The window of discernment that opens straight before making a big decision is transformative. This is where character is formed, with a heart-shaped lump in your throat, as you contemplate a leap of epic proportions. This is the school house of experience where you learn patience, urgency, courage and surrender. It is the moment after all the homework has been done, all the pro and con lists have been written, and advisers have been consulted. All that is left to do is follow that gut feeling. Jump! Do it! You know its right! But do you? What if you’re wrong?
So often at this point we doubt ourselves. We mistrust our intuition, and instead of surrendering to our destiny we close the window on possibility, draw the shades on opportunity and confine ourselves to a dark room called fear. It doesn’t have to be this way. You can relearn the art of surrender, trusting yourself but now with the added benefit of years of hard knocks in the school of life.
What can you do to train yourself to boldly leap through the window of opportunity? How can you learn to trust your instincts once again when walls turn into doors?
We’re all different when it comes to risks. I’ve always been good at rationalizing when taking risks. Before I bungied off Kawarau Bridge in Queenstown in New Zealand I calmed myself by saying, “Hundreds of people do this every day. I’ve never heard of a single accident.” This is also called blissful ignorance. Another method I use to calm fear is calm resignation. When I find myself on a particularly bumpy flight, I tell myself, “Even if we crash there’s nothing I can do about this so I might as well sit back and relax.”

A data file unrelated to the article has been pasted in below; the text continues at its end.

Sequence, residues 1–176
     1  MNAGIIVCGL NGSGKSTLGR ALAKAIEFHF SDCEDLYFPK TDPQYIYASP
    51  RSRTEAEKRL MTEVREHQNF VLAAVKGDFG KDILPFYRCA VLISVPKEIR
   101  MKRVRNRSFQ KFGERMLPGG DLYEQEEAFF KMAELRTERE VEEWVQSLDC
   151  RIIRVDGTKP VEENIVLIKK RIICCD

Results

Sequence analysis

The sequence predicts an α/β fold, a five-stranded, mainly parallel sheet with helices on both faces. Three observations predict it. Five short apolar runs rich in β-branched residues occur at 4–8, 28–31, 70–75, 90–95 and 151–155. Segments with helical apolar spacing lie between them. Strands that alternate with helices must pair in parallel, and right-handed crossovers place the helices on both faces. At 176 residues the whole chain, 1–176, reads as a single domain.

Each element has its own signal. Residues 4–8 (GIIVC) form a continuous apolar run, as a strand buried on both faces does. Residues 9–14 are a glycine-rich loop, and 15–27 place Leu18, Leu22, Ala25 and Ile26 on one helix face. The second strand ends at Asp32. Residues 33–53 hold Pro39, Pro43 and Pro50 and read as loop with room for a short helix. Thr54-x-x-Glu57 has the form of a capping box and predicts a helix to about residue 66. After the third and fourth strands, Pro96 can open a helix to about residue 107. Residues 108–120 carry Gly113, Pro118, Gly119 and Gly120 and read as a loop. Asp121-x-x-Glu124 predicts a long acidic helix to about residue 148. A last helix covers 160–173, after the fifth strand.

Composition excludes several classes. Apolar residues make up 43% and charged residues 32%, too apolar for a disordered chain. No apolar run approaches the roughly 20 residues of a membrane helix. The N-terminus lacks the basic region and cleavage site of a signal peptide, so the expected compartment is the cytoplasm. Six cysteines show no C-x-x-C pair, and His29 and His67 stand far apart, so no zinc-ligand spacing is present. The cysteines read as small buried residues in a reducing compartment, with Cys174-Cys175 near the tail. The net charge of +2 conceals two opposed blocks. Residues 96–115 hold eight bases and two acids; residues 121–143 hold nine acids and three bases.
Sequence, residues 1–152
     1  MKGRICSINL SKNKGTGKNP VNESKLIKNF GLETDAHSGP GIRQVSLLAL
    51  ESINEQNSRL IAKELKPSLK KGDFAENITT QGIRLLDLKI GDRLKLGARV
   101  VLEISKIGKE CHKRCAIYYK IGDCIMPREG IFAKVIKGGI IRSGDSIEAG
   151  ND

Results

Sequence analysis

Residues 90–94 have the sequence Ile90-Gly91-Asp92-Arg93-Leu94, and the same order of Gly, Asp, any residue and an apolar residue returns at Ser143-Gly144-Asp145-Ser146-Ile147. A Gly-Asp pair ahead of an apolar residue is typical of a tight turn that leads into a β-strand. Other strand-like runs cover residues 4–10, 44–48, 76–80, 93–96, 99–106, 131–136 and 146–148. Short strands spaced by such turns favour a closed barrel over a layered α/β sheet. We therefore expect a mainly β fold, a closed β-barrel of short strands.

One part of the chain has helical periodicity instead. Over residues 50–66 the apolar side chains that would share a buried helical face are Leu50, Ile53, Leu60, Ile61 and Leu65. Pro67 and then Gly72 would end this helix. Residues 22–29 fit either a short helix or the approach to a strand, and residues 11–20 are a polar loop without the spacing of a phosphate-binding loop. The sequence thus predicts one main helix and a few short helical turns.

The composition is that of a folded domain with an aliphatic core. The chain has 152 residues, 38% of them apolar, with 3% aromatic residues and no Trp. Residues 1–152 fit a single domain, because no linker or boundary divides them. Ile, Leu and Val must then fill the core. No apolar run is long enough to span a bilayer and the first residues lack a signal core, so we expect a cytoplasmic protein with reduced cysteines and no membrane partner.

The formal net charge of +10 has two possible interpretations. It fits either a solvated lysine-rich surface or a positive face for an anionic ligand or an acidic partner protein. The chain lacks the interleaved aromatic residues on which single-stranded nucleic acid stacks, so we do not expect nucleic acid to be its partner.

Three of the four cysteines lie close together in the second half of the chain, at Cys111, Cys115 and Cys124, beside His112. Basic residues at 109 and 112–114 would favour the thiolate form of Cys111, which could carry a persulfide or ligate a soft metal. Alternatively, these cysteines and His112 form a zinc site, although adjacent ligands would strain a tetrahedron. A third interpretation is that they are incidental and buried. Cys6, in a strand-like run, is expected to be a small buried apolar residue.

On reflection, I think I am half right with my method. Your rational skills will only get you so far. Blaise Pascal said, “All of our reasoning ends in surrender to feeling.” Science tells us that decision making is 95% emotional and 5% rational. That doesn’t mean that surrender has to be ill-informed. You can prepare for moments of decision making by studying facts and preparing your attitude.
Surrender is like swimming in a riptide. If you tighten up and attempt to swim against the tide, you will tire and eventually drown. If you relax and go with the flow, you will survive. The first lesson of surrender is to stop fighting against the flow of life when it is clearly on a roll. It is the delicate balance between acceptance and resistance. Resignation and ignorance are too passive for healthy surrender. Add a little mindfulness and knowledge for healthy surrender.
Who are you surrendering to? By any name you are surrendering to your inner sense of wholeness, the deeper self that has intuitive wisdom and sees your potential. At the precipice of large decisions your ego wants you to play small and stay safe. Remind yourself to make decisions from your deeper sense of being part of the whole, one with life. You are part of a whole that is greater than all and yet pervasively present in each. Make decisions that honor this greater whole. It has incredible plans and you are an intimate part of her plans. Surrender the life you have planned to step into the life that is waiting for you. By leaving yourself open to the flow of an unknown future, you will discover new and unimagined possibilities.
The essence of surrender is a recognition that you can’t control everything. In fact there is very little you can control. Give up trying to control everything and you will feel a giant weight fall off your shoulders. You are dancing with the stars, flowing with the oceans and grounded in the roots of the earth. How could your future not unfold in perfect alignment with life?
Of course this is much easier said than done. But isn’t everything? If you’ve lost your job, learnt you have a serious illness or just generally feel at your wit’s end, try surrendering. Go with the flow and trust the adventure of being alive. Events may not transpire as you imagine or even hope. They could be even better. The open window beckons. Feel its gentle breeze. Take in the panoramic view. The world is calling to you, inviting your trust.